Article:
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The Continental Divide

Day 25 – I can easily say this was the hardest running day of my life, nothing from the first run even comes close. The hills of Scotland and the valleys of Wales fall a long way short of how I felt by the end of Day 25. They say to every Ying there is a Yang’, and Day 25 was certainly someone balancing out my days. The euphoria of the day before was replaced by searing pain in my legs and my lungs silently screaming as the air continued to get thinner and thinner. I knew we had been climbing a lot, but now the facts actually backed this up. By the end of the day, we had climbed to a total altitude of 7,245 feet above sea level.

There were, however, a few things that helped to settle my mind – one was knowing that if I had come all this way up then I must be heading down at some point, another was that if I could make it through this day then there would be little I couldn’t conquer for the rest of the journey and the final thing that gave me some solace in my agony was knowing that going down the hills on my bike was going to be a lot more fun than running up them.

The heat was still unbelievably intense as we moved out of Albuquerque that morning, heading towards a place called Laguna. It wasn’t the energy sapping heat of the mid-day sun, but for 5.30am it was ridiculously warm.

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Setting out that morning I scanned the horizon, I did this every day, whether on the bike or running to see if I could picture what the day might bring. As I looked out, all I could see were mountains. We were in what looked like a basin, all around us in one huge circle were mountains. For even the most optimistic of people this would have been tough to take – my heart sank a little.

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I don’t know whether it’s because when you look back at your day you don’t remember the easy parts or just because that day there were just no easy sections, but the first 25 miles seemed like a constant uphill battle. Yes, that’s right – just a mile short of a marathon without one downhill section. Each step of the ascent, the air got thinner, each minute that the day progressed the temperature increased. It was brutal and unforgiving attack on my senses. I was running as well as could be expected, my lungs were straining at the extra workload my body was asking of them, I felt like a 90 year old asthmatic. Every single member of the team ran with me on Day 25, but each of them could only manage a couple of miles at a time. They jumped on and off the RV like a conveyer belt; a production line of runners. Conversation was down to grunts and head nods with the odd hand gesture thrown in for good measure. I was glad that the team experienced this as well, they understood what was happening to me and why I was finding the day so hard, that empathy was important to me.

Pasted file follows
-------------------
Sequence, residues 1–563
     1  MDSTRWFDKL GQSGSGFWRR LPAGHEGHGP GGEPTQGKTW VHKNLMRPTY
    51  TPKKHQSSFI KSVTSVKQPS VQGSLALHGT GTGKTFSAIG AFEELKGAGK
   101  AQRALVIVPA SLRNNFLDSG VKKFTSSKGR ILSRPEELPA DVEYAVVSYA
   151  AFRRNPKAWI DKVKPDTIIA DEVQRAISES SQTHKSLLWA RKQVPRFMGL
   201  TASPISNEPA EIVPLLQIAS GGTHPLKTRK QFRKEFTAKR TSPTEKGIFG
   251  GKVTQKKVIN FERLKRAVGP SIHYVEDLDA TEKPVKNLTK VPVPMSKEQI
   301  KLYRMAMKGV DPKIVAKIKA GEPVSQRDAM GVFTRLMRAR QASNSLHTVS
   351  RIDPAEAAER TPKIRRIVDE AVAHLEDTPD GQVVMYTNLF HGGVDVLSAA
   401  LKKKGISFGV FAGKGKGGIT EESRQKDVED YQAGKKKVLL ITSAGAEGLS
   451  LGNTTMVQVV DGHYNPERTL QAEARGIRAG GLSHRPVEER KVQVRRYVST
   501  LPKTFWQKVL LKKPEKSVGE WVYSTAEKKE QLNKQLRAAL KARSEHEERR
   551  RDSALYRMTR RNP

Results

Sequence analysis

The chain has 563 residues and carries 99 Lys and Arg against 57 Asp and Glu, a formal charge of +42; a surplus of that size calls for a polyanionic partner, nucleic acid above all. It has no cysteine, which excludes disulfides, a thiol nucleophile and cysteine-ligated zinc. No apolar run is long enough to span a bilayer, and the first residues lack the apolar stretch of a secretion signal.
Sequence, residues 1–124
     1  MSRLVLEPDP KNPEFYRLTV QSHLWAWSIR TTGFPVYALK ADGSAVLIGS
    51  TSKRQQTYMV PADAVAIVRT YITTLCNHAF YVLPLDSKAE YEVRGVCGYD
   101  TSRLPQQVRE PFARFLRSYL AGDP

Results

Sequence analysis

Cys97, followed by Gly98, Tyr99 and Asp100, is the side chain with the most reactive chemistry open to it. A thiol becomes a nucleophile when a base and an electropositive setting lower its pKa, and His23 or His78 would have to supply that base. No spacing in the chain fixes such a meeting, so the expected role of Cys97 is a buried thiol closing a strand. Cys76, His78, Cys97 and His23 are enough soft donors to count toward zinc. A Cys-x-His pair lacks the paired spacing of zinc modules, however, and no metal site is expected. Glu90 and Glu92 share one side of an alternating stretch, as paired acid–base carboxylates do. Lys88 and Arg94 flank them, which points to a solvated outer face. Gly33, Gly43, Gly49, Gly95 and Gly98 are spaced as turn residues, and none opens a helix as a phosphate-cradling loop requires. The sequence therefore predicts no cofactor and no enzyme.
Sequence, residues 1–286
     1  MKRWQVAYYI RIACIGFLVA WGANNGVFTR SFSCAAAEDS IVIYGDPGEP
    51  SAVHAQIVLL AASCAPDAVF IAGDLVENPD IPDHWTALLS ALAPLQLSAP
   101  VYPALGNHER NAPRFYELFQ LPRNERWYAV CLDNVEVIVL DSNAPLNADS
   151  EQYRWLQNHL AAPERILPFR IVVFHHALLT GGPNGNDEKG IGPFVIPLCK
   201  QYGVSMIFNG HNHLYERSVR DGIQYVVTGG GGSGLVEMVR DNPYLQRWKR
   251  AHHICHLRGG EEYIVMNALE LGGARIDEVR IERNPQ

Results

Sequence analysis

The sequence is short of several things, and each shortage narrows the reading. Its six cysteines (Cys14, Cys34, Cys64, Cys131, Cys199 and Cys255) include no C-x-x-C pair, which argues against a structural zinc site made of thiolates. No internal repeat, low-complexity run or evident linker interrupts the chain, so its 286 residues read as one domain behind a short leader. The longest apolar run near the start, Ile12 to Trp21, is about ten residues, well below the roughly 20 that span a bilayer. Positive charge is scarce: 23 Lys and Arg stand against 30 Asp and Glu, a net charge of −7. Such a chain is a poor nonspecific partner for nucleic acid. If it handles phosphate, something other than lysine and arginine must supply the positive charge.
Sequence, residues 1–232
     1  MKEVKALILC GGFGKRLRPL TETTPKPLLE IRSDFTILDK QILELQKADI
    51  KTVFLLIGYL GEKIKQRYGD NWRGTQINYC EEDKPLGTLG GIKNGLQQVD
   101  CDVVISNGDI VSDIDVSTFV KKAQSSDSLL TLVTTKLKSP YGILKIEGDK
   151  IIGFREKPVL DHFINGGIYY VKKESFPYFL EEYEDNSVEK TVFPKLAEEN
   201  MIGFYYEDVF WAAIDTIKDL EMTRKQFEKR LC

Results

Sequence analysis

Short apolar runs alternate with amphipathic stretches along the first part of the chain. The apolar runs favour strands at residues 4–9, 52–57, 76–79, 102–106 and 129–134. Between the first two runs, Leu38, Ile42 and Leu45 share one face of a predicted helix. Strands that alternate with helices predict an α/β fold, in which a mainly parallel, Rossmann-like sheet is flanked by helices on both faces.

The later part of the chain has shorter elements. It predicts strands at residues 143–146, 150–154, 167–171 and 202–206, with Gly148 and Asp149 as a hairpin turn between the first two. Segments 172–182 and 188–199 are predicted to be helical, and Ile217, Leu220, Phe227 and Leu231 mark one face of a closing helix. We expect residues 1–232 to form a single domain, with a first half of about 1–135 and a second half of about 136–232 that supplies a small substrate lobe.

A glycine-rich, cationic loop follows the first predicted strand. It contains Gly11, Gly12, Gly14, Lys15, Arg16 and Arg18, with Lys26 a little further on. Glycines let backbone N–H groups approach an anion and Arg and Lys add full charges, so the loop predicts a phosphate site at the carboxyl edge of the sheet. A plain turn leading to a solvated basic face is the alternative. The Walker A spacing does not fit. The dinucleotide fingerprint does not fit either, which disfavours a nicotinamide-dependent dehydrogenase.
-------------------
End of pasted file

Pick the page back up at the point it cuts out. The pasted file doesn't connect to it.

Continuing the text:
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The climbing finally came to end, a punishing, gruelling day which I never want to experience again. Kerry ran the last half a mile with me, the signs had ticked down from 10 miles all the way down to when we reached the Continental Divide. The Continental Divide is the point at which water flows in different directions, at one side the water flows to the Pacific Ocean, at the other side the water flows to the Atlantic. As I approached the top of the climb my eyes filled with tears, I had done it, we were at the highest point we would climb to on the journey. Pain flooded through my body but it didn’t matter, I collapsed onto Kerry, broken and exhausted. I hobbled and limped to the sign of The Continental Divide. We sat and posed for the obligatory tourist photos, I sat and stared off into the distance, a slight smile cracking at the corner of my mouth, “You did it Sam,” I said quietly to myself, “you can be proud of that.”

While I rested at the top, I was greeted by a number of different people, all of whom were congratulating me on my achievements so far and wishing me luck for the rest of the trip. One well-wisher was an Australian bloke, an ex-serviceman who was now a police officer and who, along with his buddies, was making his way across Route 66 by motorcycle. In a vice like grip, he shook my hand, “Thank you for what you are doing.” he said with passion and emotion in his voice. It was times like that when I realised that what I was doing did make a difference to other people’s lives.

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I have no idea what got me through that Day. Even now, looking back, I still don’t know why or how I kept moving. The number one question I am asked about my running is, how do I keep going day afer day? The answer? The answer is – I have no idea. If I did, I think I would be a very rich man. I have often wondered, is it competitiveness? Pride? Drive? Or maybe a mixture of all of these things? When I finished running after the first Epic Run’ I was asked by all most every child aged between 5 and 11, “Why don’t I run in the Olympics?” Apparently, I would destroy Mo Farrah.

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As much as this would be a brilliant achievement, I have to let you down kids. I won’t be beating Mo Farrah any time soon or running in the Olympics. The main reason for this is that I don’t run fast, I just know that whatever comes my way I can keep running. Running for me is a chance to discover, to explore to unleash that inner child in me that just wanted to climb trees and dig holes. Somewhere along the way we lose that person, we move away from those dreams and real life takes over. So what if I told you to listen to the 8 year old you? We are going on an adventure where we run and bike across America, what do think the 8 year old you would say?

Kerry and I at The Continental Divide.

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